RPS offers free antimicrobial stewardship training to pharmacists in England

Diane Ashiru-Oredope, lead pharmacist for antimicrobial resistance at Public Health England

The Royal Pharmaceutical Society (RPS) is offering free antimicrobial stewardship (AMS) training to pharmacists in England.

There are 60 places available for the training, which is funded by Health Education England (HEE) and led by Diane Ashiru-Oredope, lead pharmacist for antimicrobial resistance at Public Health England.

The course is aimed at pharmacists in both primary and secondary care, and in particular at those responsible for AMS network services in primary care networks who work in an area with high antimicrobial utilisation, and pharmacists interested in a future career in AMS.

The three-month training programme includes attendance at a training day in either Leicester or Bristol in February 2020. The rest of the training will be delivered through digital group evening sessions, and through self-directed learning.

Trainees will be assigned to a tutor from the UK Clinical Pharmacy Association, who will support them throughout the course alongside a member of the RPS’s education team.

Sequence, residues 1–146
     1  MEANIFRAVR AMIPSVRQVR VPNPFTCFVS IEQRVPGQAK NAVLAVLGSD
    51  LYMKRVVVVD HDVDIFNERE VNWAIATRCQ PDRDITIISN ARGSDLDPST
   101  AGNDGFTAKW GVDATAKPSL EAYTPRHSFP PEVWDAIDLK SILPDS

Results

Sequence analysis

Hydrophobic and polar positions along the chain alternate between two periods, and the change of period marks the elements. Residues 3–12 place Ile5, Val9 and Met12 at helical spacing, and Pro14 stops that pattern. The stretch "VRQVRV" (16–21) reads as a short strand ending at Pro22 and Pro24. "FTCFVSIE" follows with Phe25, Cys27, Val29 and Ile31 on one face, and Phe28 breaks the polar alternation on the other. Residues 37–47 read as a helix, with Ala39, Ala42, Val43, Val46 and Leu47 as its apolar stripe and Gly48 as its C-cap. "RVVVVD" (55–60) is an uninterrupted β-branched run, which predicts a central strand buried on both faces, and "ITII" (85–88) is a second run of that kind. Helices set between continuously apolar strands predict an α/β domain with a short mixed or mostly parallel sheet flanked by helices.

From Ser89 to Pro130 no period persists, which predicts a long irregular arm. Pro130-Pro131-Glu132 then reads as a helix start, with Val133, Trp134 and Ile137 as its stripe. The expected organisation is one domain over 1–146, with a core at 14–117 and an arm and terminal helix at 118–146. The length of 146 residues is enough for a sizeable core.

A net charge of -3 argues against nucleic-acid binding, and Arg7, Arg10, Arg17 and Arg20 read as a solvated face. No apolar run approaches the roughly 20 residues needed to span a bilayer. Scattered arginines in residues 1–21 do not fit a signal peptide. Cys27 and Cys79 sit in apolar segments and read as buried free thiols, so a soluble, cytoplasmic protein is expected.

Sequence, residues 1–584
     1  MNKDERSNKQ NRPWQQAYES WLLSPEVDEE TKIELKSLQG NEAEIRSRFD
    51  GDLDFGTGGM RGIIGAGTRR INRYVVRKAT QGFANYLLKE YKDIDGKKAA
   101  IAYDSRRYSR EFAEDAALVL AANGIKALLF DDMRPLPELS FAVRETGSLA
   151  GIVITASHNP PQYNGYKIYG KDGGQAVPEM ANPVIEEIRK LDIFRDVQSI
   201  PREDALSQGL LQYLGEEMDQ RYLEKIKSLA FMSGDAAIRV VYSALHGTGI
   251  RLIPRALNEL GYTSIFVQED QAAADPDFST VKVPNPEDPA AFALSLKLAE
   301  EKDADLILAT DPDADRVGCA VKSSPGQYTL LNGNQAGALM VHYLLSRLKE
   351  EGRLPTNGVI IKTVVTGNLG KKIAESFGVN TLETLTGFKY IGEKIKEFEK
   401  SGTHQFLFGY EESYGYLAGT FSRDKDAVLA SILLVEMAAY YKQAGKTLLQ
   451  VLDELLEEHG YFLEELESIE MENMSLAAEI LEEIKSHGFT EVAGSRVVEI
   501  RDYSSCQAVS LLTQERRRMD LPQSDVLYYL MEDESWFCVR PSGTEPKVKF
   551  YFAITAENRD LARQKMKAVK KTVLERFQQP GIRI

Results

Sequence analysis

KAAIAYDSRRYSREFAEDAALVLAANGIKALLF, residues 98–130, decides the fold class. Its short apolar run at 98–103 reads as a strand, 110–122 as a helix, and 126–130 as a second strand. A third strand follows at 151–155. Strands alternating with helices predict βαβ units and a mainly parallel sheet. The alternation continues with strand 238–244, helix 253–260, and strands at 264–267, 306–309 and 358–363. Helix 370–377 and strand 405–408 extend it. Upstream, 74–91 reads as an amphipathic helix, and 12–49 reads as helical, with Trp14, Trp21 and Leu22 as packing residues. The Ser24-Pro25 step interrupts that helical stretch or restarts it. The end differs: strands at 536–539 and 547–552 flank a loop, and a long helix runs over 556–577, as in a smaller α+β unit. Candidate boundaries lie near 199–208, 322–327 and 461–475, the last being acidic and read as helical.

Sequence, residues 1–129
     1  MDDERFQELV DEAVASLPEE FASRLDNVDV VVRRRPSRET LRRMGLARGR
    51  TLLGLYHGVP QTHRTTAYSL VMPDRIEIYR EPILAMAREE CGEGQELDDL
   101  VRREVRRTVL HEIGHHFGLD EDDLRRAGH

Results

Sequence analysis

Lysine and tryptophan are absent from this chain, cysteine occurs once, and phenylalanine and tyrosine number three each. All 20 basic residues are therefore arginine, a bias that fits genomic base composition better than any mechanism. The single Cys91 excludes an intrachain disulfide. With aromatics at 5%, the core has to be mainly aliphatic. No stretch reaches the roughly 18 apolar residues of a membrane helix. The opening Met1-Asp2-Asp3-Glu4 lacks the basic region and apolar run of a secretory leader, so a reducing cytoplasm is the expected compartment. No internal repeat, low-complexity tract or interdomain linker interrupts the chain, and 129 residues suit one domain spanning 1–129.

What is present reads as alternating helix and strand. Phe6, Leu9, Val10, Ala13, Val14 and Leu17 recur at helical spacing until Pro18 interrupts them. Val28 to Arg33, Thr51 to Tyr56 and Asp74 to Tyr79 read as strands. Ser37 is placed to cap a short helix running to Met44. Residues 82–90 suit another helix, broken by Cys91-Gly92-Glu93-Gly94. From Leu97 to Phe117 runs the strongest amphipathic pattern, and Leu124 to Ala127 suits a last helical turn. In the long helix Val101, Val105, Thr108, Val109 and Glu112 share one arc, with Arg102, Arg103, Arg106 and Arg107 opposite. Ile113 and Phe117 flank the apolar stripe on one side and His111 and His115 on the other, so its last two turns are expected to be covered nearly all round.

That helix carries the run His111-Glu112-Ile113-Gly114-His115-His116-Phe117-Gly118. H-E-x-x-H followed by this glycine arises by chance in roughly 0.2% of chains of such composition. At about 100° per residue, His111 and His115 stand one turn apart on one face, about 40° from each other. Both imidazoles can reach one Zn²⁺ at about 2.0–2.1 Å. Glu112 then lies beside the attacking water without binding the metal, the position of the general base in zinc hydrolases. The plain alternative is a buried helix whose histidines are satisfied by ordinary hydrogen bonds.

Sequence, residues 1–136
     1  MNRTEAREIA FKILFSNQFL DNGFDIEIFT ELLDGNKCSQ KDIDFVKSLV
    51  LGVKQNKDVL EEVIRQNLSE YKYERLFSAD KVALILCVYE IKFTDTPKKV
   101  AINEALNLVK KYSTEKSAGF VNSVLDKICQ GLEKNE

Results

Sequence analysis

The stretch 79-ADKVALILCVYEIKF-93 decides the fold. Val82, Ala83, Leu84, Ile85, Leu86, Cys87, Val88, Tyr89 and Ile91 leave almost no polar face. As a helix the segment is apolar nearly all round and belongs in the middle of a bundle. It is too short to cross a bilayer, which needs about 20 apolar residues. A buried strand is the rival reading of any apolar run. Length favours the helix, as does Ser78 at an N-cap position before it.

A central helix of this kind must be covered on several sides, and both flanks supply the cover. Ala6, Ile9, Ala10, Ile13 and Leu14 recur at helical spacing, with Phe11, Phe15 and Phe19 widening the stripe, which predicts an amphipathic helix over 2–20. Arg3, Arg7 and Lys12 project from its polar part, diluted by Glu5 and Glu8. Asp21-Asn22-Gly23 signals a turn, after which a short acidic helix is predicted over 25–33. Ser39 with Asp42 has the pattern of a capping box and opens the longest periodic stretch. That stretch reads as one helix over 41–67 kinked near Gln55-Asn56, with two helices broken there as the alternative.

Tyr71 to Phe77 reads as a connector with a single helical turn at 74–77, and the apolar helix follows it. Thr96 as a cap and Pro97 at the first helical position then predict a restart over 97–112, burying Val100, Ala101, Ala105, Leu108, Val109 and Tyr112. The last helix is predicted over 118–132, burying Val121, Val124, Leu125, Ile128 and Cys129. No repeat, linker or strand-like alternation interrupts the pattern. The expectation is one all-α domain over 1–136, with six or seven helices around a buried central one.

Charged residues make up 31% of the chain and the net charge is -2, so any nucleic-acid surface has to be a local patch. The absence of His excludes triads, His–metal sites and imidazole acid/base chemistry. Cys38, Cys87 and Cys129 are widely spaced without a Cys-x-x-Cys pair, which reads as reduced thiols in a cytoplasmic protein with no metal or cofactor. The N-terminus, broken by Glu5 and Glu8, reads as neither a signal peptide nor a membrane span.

The training is open to pharmacists who are registered with the General Pharmaceutical Council and who have practised for at least two years as a registered pharmacist, or who have completed Foundation training.

The course was piloted in early 2019 in London, Kent, Surrey and Sussex.

Bairavi Indrakumar, senior clinical pharmacist at the Royal Free London NHS Foundation Trust, who took part in the pilot, said the experience “helped me develop my skills as a competent and confident AMS practitioner”.

“The practice-based discussions benefitted my practice significantly, being able to share ideas and learn from experts as well as each other.”

Applications for the programme must be submitted by 20 December 2019, for a course start date of 30 January 2020. More details, and an application form, are available on the RPS website.

Last updated
Citation
The Pharmaceutical Journal, November 2019;Online:DOI:10.1211/PJ.2019.20207380